The human rights commission, however, advises the Orang Asli to consider legal recourse as it has limited powers in land ownership disputes
KUALA LUMPUR: The Human Rights Commission of Malaysia (Suhakam) today accepted a memorandum from Lojing, Gua Musang Orang Asli (OA) asking it to begin an inquiry on the Kelantan state government for allegedly violating their rights to ancestral land.
PSM central committee member S Arutchelvan and secretary-general A Sivarajan today led 30 OA representatives from 12 villages in and around the Lojing area to hand over the memorandum.
“We are here today to send this memorandum asking Suhakam to open an inquiry on the Kelantan state government for allowing uncontrolled opening of agricultural land by private companies on land that we have lived on for hundreds of years.
“Our homes, historical sites, graves have all been destroyed. There is nothing left,” said the group’s main spokesperson Muya Phasaid.
Kampung Kuala Tahu village head Angah bin Hitam said that the Kelantan state government has been allowing private companies to grow vegetable crops, including palm trees, in the area since the 1980s, but now it has reached a point where there are more vegetable farms than trees in the area.
“There are no more trees in the Lojing permanent forest reserve, only ‘plastic’ trees,” said Sigar village head Rada bin Jambu.
Sivarajan said that by ignoring the rights of the OA to the lands they have lived in all their lives, the Kelantan government has gone against the principles of The United Nations Declaration on the Rights of Indigenous Peoples (UNDRIP), The United Declaration of Human Rights (UDHR) and the Federal Constitution.
“Their basic rights to live have to be restored as the first people of the nation like in Canada and Australia where the rights of the indigenous people are protected,” said Sivarajan.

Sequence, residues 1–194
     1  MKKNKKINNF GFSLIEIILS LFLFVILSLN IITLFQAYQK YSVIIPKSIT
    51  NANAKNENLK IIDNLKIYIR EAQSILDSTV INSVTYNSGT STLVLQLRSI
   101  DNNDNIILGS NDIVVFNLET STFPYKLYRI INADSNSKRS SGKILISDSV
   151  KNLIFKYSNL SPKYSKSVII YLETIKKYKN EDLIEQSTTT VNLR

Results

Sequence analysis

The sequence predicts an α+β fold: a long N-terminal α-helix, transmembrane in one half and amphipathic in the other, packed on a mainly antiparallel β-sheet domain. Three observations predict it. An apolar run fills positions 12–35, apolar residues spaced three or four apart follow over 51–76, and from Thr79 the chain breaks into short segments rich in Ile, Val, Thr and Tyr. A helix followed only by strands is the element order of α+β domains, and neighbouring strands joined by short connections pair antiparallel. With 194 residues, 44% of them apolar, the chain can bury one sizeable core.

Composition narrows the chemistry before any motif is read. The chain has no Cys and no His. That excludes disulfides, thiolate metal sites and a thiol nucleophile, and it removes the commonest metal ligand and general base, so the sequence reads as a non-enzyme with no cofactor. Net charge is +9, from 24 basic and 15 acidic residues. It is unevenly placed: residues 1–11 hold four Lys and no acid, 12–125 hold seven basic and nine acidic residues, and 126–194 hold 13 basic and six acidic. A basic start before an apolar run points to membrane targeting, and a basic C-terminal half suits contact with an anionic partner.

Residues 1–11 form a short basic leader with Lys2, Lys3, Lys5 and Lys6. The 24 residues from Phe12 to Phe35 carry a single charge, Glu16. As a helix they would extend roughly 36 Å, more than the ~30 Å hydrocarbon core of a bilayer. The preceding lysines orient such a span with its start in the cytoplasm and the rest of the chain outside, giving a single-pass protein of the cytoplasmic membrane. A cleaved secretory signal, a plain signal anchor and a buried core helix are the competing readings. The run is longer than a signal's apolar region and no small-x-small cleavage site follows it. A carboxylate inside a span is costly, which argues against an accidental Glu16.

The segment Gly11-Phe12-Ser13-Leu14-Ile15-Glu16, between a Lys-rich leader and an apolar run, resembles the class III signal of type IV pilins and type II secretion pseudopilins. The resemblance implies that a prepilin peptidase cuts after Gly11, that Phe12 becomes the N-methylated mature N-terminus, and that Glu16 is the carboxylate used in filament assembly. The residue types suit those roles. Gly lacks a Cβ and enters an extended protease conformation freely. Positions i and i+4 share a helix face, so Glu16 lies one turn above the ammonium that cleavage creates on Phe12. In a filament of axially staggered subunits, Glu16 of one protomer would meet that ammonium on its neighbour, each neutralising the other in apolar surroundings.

He questioned why the Kelantan government and Forestry Department laws are held up as superior to the Federal Constitution which clearly states in article 8(5)(c) that the special position of the Orang Asli will be protected.
“The state government has gone against the Federal Constitution by approving licenses for these companies to operate on lands they know are occupied by OA for generations. The Kelantan state government has failed in their duty to protect the OA. In fact even GLCs are involved in OA land encroachment. Why do state laws supersede the Federal Constitution?” questioned Sivarajan.
Suhakam commissioner Jerald Joseph acknowledged the group’s concerns, saying Suhakam is aware that the OA land grab issue has been going on since the 80s, even after countless police reports, letters of protest and memorandums were sent to the Kelantan government and the menteri besar by the OA.
Another Suhakam commissioner, Sarawak-born Francis Johen Anak Adam, differed saying it would be wise for the OA to look into legal recourse since the usual police reports and memorandum have been unsuccessful thus far.
“My concern is more on how are you (OA) going to reclaim the land? It has to be within the law. Why not do more than write letters and send memorandums? If these are gazetted lands then your rights would be higher. Our (Suhakam’s) powers are limited, but we will do what we can,” said Francis.
Sivarajan said that legal recourse cost too much and the OA cannot afford to fork out money every time there is a land dispute.
“We need to look at the bigger picture – they are the first people of the nation, even before these current laws were enacted. It is like allowing a visitor to stay in your home for so long that one day they seek to evict you because you don’t have the grant to that house,” said Sivarajan.
The gathering ended with Jerald saying that Suhakam will discuss in a committee meeting next week about starting an inquiry as requested. He also said that Suhakam and the Malaysian Bar will look into drawing up a special document on land rights and division of law when it comes to land rights.
“We will also write a letter to the Kelantan state government on this,” said Jerald.